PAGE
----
This outrigger product comes with a patented side-shafted design that gives you the ability to mount these stabilizers practically anywhere on your boat for the extra stability you need. Some previous customers say that they may be more difficult to function and adjust, since they come with a feature that gives them the ability to move one side upward while the other side is moved downward.
But once you engage with the stabilizers and work with them for a little, they’re easy to understand and adjust. This one-side function feature is actually extremely beneficial for kayaking in waters that have more waves, since the outrigger can provide stabilization while you’re going through waves. Other outriggers risk losing that stability when they’re in rougher waters, since the outrigger’s arms can usually only lock into one place, making them go beneath the waters surface in rougher waters.
Furthermore, this Yak-Gear stabilization system can easily be installed for your convenience. Not only does this product come with everything that’s needed for assembly, but it has the ability to be assembled anywhere on the boat.
The floats themselves are formulated with an EVA foam material that’s beneficial for waters that have more debris. The foam material doesn’t risk popping or developing as much damage as inflatable floats in water with debris, making them great for more rapid water activities.
Lastly, the arms of this outrigger kit contain polymer coating on them, making them more durable and stable in the water.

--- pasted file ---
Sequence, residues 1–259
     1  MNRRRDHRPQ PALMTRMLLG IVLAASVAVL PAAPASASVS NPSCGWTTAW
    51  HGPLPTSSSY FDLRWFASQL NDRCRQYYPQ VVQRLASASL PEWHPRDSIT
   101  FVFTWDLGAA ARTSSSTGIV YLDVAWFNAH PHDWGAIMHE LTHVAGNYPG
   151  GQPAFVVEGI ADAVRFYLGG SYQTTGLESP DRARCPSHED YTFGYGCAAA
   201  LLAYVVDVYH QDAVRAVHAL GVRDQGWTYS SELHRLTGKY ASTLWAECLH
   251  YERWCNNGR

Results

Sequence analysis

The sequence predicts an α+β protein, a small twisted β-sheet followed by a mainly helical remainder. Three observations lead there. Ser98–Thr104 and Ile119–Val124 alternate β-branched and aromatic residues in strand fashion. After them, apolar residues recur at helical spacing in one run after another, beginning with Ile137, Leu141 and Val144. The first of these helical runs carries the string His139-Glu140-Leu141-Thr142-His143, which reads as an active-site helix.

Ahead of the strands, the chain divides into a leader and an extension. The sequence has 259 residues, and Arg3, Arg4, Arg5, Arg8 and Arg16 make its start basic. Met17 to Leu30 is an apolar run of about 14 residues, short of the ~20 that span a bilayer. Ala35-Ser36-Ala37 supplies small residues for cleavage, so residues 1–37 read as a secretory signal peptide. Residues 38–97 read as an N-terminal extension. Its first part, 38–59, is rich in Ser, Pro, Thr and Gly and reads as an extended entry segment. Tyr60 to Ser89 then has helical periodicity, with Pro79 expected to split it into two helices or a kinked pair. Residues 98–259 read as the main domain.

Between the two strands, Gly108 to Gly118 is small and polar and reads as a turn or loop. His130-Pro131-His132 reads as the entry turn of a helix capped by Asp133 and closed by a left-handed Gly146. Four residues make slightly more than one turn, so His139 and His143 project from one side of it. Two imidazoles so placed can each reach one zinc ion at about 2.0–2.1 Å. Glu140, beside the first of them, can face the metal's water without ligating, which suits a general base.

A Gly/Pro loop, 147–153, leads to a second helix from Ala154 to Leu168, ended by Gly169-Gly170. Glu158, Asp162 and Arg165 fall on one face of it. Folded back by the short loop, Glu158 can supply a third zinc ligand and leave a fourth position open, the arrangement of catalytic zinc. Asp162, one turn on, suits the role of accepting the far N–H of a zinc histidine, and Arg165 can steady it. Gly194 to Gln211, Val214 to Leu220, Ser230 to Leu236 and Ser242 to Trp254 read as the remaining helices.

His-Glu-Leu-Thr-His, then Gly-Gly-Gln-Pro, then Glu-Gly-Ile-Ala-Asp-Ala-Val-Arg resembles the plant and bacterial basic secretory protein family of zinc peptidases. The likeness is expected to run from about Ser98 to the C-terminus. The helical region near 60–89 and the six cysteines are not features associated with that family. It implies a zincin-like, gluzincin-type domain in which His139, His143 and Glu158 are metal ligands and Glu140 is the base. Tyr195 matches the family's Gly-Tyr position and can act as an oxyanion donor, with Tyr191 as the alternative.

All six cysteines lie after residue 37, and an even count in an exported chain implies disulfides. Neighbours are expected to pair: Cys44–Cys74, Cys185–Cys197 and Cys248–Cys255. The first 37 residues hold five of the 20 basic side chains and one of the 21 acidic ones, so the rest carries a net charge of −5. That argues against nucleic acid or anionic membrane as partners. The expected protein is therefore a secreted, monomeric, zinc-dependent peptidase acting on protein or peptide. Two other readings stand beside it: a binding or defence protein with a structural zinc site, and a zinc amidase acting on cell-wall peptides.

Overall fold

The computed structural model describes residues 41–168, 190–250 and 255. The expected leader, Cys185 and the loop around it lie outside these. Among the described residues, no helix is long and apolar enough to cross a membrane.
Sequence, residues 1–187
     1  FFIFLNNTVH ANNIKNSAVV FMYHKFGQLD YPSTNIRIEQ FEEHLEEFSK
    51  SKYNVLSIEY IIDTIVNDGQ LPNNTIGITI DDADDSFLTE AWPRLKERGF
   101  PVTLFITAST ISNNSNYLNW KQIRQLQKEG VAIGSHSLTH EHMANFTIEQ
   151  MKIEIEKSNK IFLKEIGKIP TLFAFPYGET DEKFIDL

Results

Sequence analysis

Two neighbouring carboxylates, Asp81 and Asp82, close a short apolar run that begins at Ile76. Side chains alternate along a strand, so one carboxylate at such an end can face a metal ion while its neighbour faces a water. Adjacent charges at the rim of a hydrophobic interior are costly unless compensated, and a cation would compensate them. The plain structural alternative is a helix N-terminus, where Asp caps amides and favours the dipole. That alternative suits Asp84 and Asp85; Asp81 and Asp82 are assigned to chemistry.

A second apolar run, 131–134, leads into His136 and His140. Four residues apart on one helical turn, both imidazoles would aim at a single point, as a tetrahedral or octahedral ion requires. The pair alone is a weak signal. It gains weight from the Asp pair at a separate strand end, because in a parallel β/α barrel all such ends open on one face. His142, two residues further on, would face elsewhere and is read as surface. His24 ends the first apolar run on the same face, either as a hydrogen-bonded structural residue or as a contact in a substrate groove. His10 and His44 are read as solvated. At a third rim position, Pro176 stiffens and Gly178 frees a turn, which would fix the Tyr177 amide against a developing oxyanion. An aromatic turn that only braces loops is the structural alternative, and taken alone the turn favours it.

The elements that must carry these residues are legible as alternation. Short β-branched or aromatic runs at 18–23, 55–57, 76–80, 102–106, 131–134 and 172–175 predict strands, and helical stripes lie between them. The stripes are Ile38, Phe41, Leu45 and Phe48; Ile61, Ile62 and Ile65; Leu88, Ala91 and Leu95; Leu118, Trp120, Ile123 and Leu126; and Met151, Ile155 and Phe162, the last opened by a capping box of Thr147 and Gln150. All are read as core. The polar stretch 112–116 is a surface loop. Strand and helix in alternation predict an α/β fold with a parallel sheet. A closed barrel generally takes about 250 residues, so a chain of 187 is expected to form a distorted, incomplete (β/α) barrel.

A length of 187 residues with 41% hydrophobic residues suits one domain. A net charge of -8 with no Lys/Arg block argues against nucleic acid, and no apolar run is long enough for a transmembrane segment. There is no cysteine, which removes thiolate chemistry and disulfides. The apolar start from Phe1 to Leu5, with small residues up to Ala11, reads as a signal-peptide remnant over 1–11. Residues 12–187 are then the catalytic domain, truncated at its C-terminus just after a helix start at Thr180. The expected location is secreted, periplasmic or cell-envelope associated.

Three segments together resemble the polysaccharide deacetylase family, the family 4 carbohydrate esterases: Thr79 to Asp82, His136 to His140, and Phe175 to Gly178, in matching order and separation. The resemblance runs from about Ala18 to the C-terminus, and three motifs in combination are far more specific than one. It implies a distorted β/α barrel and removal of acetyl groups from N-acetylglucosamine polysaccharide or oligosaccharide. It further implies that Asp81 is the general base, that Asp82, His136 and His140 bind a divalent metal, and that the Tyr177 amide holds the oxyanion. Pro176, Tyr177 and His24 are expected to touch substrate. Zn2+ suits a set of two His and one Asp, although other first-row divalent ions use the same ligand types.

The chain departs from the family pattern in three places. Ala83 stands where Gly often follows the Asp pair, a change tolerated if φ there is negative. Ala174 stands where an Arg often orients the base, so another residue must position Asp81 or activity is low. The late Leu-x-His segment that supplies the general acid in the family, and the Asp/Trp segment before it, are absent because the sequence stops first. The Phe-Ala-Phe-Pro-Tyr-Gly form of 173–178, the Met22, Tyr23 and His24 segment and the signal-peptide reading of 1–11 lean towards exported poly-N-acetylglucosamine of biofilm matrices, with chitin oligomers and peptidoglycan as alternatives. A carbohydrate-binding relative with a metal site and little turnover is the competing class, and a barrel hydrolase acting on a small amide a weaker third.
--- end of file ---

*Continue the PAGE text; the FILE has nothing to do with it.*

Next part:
- Produced with a durable EVA foam material
- Convenient feature makes one side go upward and the other downward for easy wave clearance
- Includes everything that’s needed for assembly and installation
- May be difficult to set up
3. Scotty Kayak Stabilizer System (Most Versatile)
- Inflatable floats
- 30 pounds of buoyancy
- Improved locking brackets
If you’re looking for a versatile outrigger, then this Scotty product is beneficial because it can conveniently work for any type of kayak as well as canoes. It’s classified as an inflatable kayak that can offer up to 30 pounds of extra buoyancy. Given that, many customers prefer this stabilizer just for the high amount of buoyancy that it’s capable of offering.
In addition to that, you can easily install and remove this stabilizer system because it features improved locking brackets. This, in addition to the inflatable construction of the outrigger, makes this product highly recommended for camping trips or all-day trips.
- 30 lbs buoyancy
- Improved locking brakes make keep the floats in place
- Easy installation and removal
- Can be used for a variety of different uses
- More expensive than some of the other outriggers on the market
4. Hobie Sidekick Ama Kit (Most Durable)
- 3 position height adjustments
- Stainless steel construction
- PVC inflatable floats
The Hobie Sidekick Ama Kit is highly suggested for you if you’re looking for a more durable outrigger system. This Hobie product features an overall stainless steel construction that even has a stainless steel mounting frame for optimal stability. Not only does the stainless steel construction benefit the stability that your kayak has overall, but it’s also great for using in waters that are more rapid.
When you’re kayaking in more rushed waters that have constant waves and even debris, then your outriggers risk becoming wobbly or losing stability in some cases. By having a stainless steel frame and mounting bar, you don’t have to worry about the outrigger becoming loose. And it can help you to maintain stability through any waves that you’re around.
More specifically, this Hobie Sidekick stabilization kit offers great customization with it’s height adjustment having three positions that you can choose between for your convenience. Many customers love the adjustment features of this product because it helps them to change between the amount of stability and buoyancy that the outriggers can offer overall.
As for the pontoons themselves, this Hobie stabilization system comes with two inflatable floats that can easily be inflated and deflated for your convenience.